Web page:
His mother was Alice, daughter and coheiress of John Wenlock, a captain of Calais.
His great-grandfather, John Finet, an Italian of Siena, came to England as a servant in the train of Cardinal Campeggio in 1519, settled here and married a lady named Mantell, maid of honour to Catherine of Aragon.
John was brought up at court and commended himself to James I by composing and singing witty songs in the royal presence after supper. Sir Anthony Weldon credits Finet's songs with much coarseness. On 17 January 1617-18 he is said to have offended his master by the impropriety of some verses that he introduced into a play produced at court.
Finet was in Paris early in 1610, and sent home an account of the treatment accorded to duellists in France, dated 19 February 1609-10. He escorted William Cecil, Viscount Cranborne, future 2nd Earl of Salisbury, through southern France and Northern Italy 1609-11. He had his portrait painted by Domenico Tintoretto in Venice.
Diplomat and courtier
Finet remained for a time in the service of Cranborne's father, Lord-treasurer Salisbury. Wood states that he was in France on diplomatic business in 1614, but on 15 December 1614 he was reported in a contemporary news-letter to have just returned from Spain, whither he had been despatched to present gifts of armour and animals to members of the royal family. Next year he was with the king at Cambridge. On 23 March 1615-16 he was knighted, and on 13 September 1619 he was granted the reversion of the place of Sir Lewes Lewknor, master of the ceremonies, whom he had already begun to assist in the performance of his duties. On 19 Feb. 1624-5 he was granted a pension of 120l., vacant by the death of Sir William Button, assistant-master of the ceremonies, and on 18 March 1624-5 he was formally admitted into Button's office on the understanding that on Finet's promotion to Lewknor's place the office should be abolished., On Lewknor's death Finet succeeded to the mastership of ceremonies (12 March 1625-6). Thenceforward Finet was busily employed in entertaining foreign envoys at the English court, and determining the numerous difficulties regarding precedence which arose among the resident ambassadors. He was intimate with all the courtiers. Lord Herbert of Cherbury (Autobiography, ed. S. L. Lee, p. 164) had made his acquaintance before 1616. In 1636 it was proposed at Oxford to confer on him the degree of D.C.L., but it is doubtful if the proposal was carried out.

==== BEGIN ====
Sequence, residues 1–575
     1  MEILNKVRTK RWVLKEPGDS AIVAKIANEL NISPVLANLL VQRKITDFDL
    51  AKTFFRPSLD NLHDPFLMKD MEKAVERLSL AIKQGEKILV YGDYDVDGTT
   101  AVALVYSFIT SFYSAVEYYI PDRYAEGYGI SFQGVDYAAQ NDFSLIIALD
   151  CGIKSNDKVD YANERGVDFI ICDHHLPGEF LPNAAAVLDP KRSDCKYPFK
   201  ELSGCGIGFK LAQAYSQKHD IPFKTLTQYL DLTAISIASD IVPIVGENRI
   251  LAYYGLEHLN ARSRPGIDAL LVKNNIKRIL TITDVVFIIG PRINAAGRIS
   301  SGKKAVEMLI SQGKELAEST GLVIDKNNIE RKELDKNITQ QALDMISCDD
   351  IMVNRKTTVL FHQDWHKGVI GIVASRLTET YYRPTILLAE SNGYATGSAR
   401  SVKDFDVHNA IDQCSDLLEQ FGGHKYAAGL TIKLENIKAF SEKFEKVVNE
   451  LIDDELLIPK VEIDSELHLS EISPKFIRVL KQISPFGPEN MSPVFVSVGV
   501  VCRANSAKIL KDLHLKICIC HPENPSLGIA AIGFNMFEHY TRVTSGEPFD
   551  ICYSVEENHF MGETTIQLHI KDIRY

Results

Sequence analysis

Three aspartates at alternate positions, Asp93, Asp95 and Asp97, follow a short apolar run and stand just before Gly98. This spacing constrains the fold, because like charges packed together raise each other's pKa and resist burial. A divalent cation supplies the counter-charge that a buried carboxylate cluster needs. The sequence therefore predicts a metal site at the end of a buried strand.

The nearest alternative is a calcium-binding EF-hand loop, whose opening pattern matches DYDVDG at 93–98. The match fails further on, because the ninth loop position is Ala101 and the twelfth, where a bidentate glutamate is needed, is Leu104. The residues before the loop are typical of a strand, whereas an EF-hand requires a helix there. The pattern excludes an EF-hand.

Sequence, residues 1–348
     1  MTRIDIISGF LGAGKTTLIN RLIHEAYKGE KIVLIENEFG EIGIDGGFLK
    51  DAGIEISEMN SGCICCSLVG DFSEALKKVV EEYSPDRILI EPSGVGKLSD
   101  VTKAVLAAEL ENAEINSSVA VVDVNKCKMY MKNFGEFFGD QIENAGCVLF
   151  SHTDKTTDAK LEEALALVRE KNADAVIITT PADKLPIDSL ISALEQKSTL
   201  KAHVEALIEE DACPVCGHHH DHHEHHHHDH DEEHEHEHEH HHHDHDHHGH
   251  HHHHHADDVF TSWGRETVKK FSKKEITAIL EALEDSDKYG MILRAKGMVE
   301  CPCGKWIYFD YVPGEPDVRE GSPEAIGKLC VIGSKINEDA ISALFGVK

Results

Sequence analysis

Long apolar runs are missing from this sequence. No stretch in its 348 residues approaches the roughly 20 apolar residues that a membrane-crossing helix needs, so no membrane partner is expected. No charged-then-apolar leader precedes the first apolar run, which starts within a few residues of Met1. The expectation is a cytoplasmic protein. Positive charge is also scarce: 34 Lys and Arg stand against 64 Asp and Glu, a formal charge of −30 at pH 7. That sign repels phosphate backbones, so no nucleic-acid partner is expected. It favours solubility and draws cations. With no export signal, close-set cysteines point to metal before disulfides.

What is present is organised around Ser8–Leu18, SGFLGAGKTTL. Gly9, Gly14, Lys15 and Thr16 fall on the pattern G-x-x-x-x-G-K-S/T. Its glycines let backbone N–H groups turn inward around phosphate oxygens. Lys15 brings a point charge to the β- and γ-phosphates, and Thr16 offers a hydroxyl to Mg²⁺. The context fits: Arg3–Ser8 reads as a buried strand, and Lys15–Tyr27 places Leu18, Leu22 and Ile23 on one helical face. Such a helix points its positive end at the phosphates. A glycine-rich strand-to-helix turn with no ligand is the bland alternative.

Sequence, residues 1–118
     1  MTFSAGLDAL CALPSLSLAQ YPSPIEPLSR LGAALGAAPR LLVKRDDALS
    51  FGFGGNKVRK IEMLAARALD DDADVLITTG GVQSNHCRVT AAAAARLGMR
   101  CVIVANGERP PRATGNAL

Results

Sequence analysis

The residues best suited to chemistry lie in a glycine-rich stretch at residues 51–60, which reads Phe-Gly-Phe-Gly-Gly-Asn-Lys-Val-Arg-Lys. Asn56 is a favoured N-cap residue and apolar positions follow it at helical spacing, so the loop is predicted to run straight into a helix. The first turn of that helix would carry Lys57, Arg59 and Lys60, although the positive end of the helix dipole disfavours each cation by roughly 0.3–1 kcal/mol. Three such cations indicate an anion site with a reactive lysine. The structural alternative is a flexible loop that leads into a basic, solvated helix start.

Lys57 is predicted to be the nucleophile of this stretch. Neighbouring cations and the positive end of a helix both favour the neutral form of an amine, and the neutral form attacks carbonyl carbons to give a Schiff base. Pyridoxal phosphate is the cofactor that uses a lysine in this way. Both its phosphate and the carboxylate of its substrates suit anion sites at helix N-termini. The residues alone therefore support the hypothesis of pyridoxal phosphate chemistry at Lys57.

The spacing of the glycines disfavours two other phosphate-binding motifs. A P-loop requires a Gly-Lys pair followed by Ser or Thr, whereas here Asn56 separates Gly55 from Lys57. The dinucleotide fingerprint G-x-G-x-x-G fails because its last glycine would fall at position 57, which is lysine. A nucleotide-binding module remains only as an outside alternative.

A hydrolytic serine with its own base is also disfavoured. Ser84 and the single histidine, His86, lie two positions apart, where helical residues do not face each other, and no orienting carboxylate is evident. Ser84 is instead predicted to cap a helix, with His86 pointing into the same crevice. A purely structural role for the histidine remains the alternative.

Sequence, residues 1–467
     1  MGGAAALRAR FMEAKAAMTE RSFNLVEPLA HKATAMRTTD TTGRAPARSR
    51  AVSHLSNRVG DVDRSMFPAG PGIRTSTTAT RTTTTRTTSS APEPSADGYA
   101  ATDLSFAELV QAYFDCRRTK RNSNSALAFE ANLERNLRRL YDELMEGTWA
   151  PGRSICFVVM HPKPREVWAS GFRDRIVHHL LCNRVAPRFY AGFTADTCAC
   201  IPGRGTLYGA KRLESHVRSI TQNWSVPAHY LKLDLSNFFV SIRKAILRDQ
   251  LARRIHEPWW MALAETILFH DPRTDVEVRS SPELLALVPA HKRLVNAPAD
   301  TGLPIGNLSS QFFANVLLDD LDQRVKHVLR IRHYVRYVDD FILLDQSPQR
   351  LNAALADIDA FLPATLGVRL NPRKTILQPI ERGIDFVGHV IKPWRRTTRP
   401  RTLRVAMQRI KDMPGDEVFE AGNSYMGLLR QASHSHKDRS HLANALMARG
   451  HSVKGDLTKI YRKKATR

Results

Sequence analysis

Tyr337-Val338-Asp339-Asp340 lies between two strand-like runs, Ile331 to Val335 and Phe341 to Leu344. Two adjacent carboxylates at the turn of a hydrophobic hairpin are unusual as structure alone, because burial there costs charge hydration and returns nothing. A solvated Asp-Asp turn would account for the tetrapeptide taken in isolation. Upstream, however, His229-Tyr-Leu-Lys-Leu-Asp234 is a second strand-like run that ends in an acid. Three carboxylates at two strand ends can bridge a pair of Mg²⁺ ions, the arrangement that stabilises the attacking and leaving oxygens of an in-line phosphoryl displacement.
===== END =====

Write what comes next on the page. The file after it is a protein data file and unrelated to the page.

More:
Family and successors
In 1618 Finet married Jane, the 'lame' daughter of Henry, lord Wentworth, of Nettlestead, Suffolk, whose brother Thomas was created Earl of Cleveland 7 February 1624-5. By her he had a son, John, and two daughters, Lucy and Finetta.
Finet was the author of the following :
- 'The Beginning, Continvance, and Decay of Estates. Written in French by R. de Lusing, L. of Alymes, and translated into English by I. F.' (London, 1606); dedication, signed Iohn Finet, to Richard Bancroft, archbishop of Canterbury : an essay on the history of the Turks in Europe.
- 'Finetti Philoxenis : some choice observations of Sr John Finett, knight, and master of the ceremonies to the two last kings, Touching the Reception and Precedence, the Treatment and Audience, the Puntillios and Contests of Forren Ambassadors in England,' London, 1656. The dedication to Philip, viscount Lisle, is signed by the editor, James Howell. The incidents described by Finet chiefly concern the reign of James I. A manuscript copy of the book belongs to C. Cottrell Dormer, esq., of Rousham, near Oxford.
Some recipes by Finet appear in a manuscript volume belonging to the late E. P. Shirley of Ettington Hall, Oxford (ib. 5th Rep. 365).
- Cal. State Papers, Dom. 17 January 1618
- see Cott. MS. Titus, C. iv.
- Edward Chaney and Timothy Wilks, The Jacobean Grand Tour: Early Stuart Travellers in Europe (I.B. Tauris: London, 2014)
- Cal. State Papers, Dom. 29 April 1612
- A.J. Loomie ed., Ceremonies of Charles I: the Note Books of John Finet, 1628-1641 (Fordham University Press, 1987)
- Hist. MSS. Comm. 2nd Rep. 83